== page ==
When I had my second and third hip surgeries, even when I was unable to walk, I still had complete use and facility of my hands.
When I began my yoga practice, I found that I was more interested and adept with my hands than with my feet. More at home with them. I remember a teacher once telling a group I was spending the weekend with (during a break), “Don’t mind Jill, she’s just more comfortable on her hands than on her feet.” When she said that, I realized that I was decompressing upside down, finding my breath, going waaaay inside so that I could find my way to be present with my present company.
When I was a child and I was under great stress, I would run out of the house and I climb trees. I used more of my hands than my feet in that endeavor. At the schoolyard, I would hang upside down on the monkey bars, just to find my breath and tune out the world.
So when I started yoga and saw the opportunity to learn how to go upside down, I took to it immediately. At first, it was all wrong. Everything was effortful, until it wasn’t any longer. And soon I was just hanging upside down again. Just breathing.
Right now, I find myself in a very potent, alarming and humbling moment. My hands are ready and waiting. But my arm is in distress due to a significant neck injury.
I am so grateful for all that I have been able to do with my body. I am grateful for all of the places my body has taken me and for all of the freedom it has afforded me when it has.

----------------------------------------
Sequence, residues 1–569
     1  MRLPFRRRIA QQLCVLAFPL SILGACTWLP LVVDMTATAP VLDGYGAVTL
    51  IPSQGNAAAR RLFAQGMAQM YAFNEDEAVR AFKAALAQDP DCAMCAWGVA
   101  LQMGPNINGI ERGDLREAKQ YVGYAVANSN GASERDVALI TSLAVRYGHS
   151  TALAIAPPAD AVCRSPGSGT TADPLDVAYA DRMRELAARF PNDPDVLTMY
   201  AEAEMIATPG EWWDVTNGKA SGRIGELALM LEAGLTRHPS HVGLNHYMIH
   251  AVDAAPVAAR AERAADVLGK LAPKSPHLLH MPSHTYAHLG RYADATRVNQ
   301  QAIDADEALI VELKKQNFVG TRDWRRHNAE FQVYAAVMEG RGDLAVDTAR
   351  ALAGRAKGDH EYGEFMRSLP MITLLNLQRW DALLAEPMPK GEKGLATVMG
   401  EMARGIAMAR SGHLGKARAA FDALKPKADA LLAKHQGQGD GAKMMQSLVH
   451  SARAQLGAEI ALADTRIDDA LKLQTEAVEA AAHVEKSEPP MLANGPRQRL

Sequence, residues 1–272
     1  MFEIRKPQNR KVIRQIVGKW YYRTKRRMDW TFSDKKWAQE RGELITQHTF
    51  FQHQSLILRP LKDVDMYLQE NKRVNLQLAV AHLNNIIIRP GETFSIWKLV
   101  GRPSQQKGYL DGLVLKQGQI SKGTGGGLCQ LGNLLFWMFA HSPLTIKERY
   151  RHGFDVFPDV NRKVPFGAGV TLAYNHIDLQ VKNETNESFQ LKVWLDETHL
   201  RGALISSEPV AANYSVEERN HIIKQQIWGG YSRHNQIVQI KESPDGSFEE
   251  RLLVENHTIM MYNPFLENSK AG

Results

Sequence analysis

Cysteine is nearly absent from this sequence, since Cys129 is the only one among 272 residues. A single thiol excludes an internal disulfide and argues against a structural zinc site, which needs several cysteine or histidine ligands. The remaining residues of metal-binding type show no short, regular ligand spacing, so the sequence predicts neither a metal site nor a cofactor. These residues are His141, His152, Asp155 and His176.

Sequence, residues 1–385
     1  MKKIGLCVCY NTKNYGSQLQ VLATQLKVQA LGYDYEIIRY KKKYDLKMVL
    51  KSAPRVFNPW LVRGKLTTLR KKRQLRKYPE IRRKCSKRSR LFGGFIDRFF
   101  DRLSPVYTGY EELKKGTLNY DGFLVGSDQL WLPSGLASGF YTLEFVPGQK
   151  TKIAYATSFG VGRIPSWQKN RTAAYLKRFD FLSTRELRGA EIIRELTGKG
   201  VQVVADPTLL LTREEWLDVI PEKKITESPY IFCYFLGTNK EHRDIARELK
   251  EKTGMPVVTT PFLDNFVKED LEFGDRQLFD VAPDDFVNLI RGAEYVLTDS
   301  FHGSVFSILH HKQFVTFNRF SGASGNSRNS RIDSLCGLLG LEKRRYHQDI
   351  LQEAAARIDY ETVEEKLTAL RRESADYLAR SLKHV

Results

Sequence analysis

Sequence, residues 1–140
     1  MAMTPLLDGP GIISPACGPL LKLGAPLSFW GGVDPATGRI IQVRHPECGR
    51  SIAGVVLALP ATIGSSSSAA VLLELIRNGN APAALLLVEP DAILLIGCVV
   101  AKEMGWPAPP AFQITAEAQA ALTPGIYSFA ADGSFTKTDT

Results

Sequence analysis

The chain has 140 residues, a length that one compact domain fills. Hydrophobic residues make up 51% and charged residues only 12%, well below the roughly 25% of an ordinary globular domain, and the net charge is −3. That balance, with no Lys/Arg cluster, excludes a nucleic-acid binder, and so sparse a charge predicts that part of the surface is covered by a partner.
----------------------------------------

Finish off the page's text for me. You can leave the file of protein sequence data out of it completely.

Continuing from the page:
I may need to have another surgery in order to feel more freedom. But there are simply no guarantees.
The problem is what I have become attached to.
I have been told for years how strong I am. And yet, during this last year all that I have felt, is simply and utterly, worn to the bone.
I am accustomed to soothing myself by standing on my hands. To hold the possibility that this may no longer be a prudent choice, is big. Courageous.
I know it is just a pose (ultimately ruling out more poses). But it has also become part of my identity and in this moment, although it will transform into something else, letting it go, in the way it used to LIVE so naturally inside of me, actually feels like being asked to cut off my arm.
Ram Dass said “suffering is the resistance to what is.”
And so surrender is what is called for here.
Who am I if I am not my body?
Who am I if I am not in this pain?
Who am I when everything I know falls away?
Sometimes the most courageous answer you can give is “I don’t know.”
And so here it is:
I don’t know.
I don’t know who I am becoming.
Let the journey begin anew.
I bless what has been given here. I bless what lies ahead. I step into each step with the truth of the deepest listening I possess.
And I celebrate the beauty of the Olympic spirit. May this indomitable spirit become part of each of us.
The deepest evolution is finding blessing in all of it. May we each continue evolving.